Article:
On September 1, Andy Burnham urged Labour voters not to “give up on wanting big changes” but also not to “give up on winning the 2020 general election either” (suggesting implicitly that the party could not win under Corbyn). Understanding that supporters wanted clear opposition to the Tories (but failing to recognise that he could not justifiably claim that he himself had opposed them), he promised to: “oppose the extension of right-to-buy to housing associations” whilst “championing policies such as ‘rent to own’” and allowing councils “to borrow money… [to] build more homes”; “stand up for comprehensive education against the enforced academisation of schools”; “fight against the Conservative campaign to demonise the trades unions” and present “outright opposition to the cynical Trade Union Bill”; “lead the opposition to the Welfare Bill” (a particularly laughable claim given his abstention in the previous vote); and ensure an “election win” by advocating “bold ideas such as integrating the NHS and social care, and renationalising the railways” while setting out “exactly how we will pay for each policy”. If Burnham had not shown his lack of commitment to firm principles in the past, maybe he would have been able to attract supporters, but these promises simply seemed to come too late to change anyone’s opinion.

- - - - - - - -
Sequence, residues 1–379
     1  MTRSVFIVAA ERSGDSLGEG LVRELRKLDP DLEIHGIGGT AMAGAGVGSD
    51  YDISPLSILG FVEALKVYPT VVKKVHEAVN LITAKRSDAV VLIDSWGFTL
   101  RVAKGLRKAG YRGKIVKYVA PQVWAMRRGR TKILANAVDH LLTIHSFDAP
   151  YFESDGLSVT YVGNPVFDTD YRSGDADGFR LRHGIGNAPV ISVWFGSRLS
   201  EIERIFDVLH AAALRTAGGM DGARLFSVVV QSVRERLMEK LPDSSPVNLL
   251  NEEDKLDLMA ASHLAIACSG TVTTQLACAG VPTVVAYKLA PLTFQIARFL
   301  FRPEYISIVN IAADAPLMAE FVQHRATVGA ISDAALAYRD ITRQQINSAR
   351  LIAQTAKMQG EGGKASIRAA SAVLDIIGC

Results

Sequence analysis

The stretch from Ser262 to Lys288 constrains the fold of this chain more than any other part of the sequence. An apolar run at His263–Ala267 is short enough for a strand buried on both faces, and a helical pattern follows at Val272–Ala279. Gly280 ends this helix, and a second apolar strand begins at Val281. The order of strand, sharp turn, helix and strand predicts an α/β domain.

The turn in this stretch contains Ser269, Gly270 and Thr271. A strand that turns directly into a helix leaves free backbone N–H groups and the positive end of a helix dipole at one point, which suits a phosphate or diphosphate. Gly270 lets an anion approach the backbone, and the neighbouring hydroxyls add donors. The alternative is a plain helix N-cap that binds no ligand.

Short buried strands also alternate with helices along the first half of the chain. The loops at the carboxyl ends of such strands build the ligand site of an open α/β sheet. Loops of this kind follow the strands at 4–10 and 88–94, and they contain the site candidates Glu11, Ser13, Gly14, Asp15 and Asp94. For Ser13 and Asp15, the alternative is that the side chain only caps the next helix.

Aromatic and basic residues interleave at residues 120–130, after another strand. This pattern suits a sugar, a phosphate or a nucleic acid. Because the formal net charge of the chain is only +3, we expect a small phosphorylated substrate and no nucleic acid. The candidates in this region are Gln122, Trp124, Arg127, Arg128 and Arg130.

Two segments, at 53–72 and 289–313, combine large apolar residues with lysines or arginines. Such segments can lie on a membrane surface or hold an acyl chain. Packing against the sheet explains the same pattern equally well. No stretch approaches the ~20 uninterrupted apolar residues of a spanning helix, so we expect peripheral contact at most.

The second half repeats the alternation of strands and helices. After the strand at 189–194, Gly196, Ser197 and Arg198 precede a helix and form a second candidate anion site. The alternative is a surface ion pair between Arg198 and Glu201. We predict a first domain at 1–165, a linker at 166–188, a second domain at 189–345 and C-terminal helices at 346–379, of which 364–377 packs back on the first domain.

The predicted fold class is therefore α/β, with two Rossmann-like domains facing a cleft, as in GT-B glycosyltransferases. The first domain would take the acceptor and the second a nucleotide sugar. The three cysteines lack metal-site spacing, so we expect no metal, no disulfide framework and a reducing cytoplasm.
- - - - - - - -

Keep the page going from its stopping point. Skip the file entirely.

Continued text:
On the same day, in the Channel Four hustings, Yvette Cooper repeated her line about Corbyn’s economic policies being “dodgy” and all three non-Corbyn candidates sought to criticise the frontrunner’s foreign policies. While Cooper argued that Putin was unreasonable and would only respond to ‘firm’ actions from NATO, for example, Burnham claimed that it was “not the time to break international partnerships”. In response to the latter’s argument, Corbyn then asked “which partnership requires us to have nuclear weapons?”
Perhaps the most serious (and erroneous) of accusations, however, was Burnham’s suggestion that Corbyn was “making excuses for Putin” by explaining how NATO’s European expansion after the end of the Cold War had helped to provoke Russian nationalists into electing Putin (which had led in turn to an escalation of hostilities between NATO and Russia). In short, Burnham was trying to ignore historical context and peddle a simplistic argument that lacked a factual basis.
In fact, despite the non-Corbyn candidates’ attempts to slander Corbyn, Kevin Maguire at The Mirror insisted that the latter had easily won the hustings. Although “it was One v Three”, he said, Corbyn proved himself to be “a man of the people” whilst remaining “supremely relaxed and assured of his opinions”.